The Pearl of the New World
The humble turkey has been one of the few animals that has impacted humanity immensely. The history of the turkey is also quite fascinating. Upon initial arrival, colonials were in awe of the wild turkey, specifically, the Eastern Wild Turkey strain which is found ranging east of the Mississippi today. There is, however, much debate about the history of the White "Holland" or White Turkey due to various historical accounts. For example, it has been documented that during ancient times, the Aztecs produced White Turkeys from Wild Turkeys, most likely Rio Grande Wild Turkeys. Just like any white bird bred from a natural strain, the white feather coloring was a result of a genetic mutation. The Aztecs revered the White Turkey as a special "spirit" turkey. Rather than constantly hunting for wild turkey, some Dutch settlers acquired White Turkeys and brought them back to Holland in the 17th century. The White Turkey became very popular in Europe due to the ease of dressing compared to dark feathered turkeys that by the 1800s, the White Turkey was now known as the "White Holland" Turkey.
That being said, all turkeys have genetic roots from the wild turkeys found in North or South America. Yet, the story of the White Holland Turkey doesn't stop there. In 1874, the White Holland Turkey was registered by the American Poultry Association. Around the 1960s, a new version of the White Holland Turkey was created by crossing Broad-breasted Bronze Turkeys, which doubled the amount of breast meat, now known today as the Broad-breasted White Turkey, now known as the most common commercial turkey produced throughout the world. With the increase of commercial turkey farming and the use of genetically modified double-breasted turkeys, the various turkeys, including the original White Holland Turkey, declined in consumer popularity. Fast forward to today...and these various heritage turkeys are threatened to extinction. Some may argue that this is not the case — but look at how commercial turkeys have completely changed the turkey farming industry! If it weren't for a few hatcheries and breeders, all of the heritage turkeys would have already disappeared from the face of the Earth. Further, as a result of many crossings, it's becoming increasingly more difficult to determine whether a White Turkey is the Dutch strain or a commercial strain, which is a second reason why the White Holland is listed as a "threatened" breed. The White Holland has other advantages including the fact that they are known to mature faster, are hardier, and have longer legs which typically yield more leg meat. You can also identify if it isn't a White Holland if the breasts appear broader and the legs appear shorter. This is usually indicative of a commercial white or Broad-breasted White Turkey.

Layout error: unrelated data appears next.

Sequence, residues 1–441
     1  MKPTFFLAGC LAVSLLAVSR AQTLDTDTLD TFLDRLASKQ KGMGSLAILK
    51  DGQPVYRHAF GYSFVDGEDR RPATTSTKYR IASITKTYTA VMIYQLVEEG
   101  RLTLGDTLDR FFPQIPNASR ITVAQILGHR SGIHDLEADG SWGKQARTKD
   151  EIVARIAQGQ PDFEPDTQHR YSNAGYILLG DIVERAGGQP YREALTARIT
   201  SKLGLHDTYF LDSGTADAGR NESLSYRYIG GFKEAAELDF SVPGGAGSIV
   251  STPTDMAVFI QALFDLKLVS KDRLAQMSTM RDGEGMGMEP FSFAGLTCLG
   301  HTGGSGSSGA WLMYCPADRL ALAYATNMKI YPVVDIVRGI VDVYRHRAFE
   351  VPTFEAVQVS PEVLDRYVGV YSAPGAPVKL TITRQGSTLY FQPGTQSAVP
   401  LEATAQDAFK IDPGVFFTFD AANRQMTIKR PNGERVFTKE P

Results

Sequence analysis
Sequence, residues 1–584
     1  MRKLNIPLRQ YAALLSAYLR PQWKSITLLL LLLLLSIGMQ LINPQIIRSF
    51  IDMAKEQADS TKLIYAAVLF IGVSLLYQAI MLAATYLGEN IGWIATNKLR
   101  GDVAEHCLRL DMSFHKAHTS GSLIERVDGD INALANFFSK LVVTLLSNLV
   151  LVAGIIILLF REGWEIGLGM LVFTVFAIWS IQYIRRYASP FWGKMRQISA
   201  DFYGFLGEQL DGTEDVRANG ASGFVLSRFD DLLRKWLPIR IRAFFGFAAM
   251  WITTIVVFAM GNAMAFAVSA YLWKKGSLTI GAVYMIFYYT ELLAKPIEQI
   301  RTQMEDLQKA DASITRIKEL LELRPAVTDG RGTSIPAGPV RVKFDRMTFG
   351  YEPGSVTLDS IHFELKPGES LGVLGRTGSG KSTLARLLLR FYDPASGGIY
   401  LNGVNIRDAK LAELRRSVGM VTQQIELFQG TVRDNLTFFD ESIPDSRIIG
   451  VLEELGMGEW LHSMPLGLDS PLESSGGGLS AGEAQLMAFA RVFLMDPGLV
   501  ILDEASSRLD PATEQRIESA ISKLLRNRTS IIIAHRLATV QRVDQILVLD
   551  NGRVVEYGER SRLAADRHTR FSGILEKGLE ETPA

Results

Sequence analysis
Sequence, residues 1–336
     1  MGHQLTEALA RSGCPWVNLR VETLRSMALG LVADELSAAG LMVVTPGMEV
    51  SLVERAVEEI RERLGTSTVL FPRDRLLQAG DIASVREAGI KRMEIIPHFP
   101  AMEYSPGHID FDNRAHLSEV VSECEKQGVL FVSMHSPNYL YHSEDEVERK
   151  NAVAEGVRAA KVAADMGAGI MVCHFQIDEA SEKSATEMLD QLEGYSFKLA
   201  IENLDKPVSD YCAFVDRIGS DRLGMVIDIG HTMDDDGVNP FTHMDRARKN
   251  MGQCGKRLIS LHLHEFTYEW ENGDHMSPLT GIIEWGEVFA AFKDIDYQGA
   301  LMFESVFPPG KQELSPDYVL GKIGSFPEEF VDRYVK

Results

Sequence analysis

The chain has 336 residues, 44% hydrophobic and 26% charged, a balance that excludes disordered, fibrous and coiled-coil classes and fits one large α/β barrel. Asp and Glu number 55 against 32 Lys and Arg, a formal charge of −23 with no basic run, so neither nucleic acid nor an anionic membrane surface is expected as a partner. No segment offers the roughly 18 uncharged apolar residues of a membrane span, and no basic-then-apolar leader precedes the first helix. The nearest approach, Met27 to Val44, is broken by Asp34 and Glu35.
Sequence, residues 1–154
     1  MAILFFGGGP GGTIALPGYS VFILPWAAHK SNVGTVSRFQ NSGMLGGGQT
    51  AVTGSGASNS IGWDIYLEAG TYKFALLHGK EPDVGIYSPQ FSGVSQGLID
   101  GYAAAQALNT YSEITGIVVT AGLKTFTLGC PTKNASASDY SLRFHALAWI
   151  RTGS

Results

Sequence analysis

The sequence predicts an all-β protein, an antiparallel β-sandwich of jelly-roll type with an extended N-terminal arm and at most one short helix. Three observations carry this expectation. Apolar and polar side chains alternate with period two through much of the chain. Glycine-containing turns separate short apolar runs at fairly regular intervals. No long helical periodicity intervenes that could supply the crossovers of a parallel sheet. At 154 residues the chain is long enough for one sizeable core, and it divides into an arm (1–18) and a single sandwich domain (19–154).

Whether you want to take care of this heritage turkey as a hobby or for a Thanksgiving dinner, the White Holland Turkey has historically been the popular choice, with the male reaching over 30 lbs. and the female usually weighing over 20 lbs. It's ironic to say that consuming the White Holland Turkeys and other hertiage breeds actually assists in their existence. Although the double-breasted turkeys produce more breast meat, sadly, these turkeys become top-heavy and get to a point where they can no longer walk or move. These genetically modified turkeys are mass-produced to the extent that the birds are now sickly and need to be artificially inseminated in order to produce more meat so that profits continue to increase annually. We do not share this way of life and are glad to partake in the proper husbandry of this breed. Afterall, it is the least we could do, considering billions of people all over the world have been fed by the more natural propagation of this noble bird.
Pasteured / Grass-fed Turkeys
Our grass-fed turkeys are also fed organic grains and seeds. We also process turkeys for Thanksgiving for our local customers. Contact us to place your order!
The White Holland Turkey is now listed as "Threatened" and has not yet recovered.
For the Beginner Aviculturist
If raised appropriately, White Holland Turkey don't show any fear towards humans and tend to be very laid back, which makes for great companions on the 'Ranch.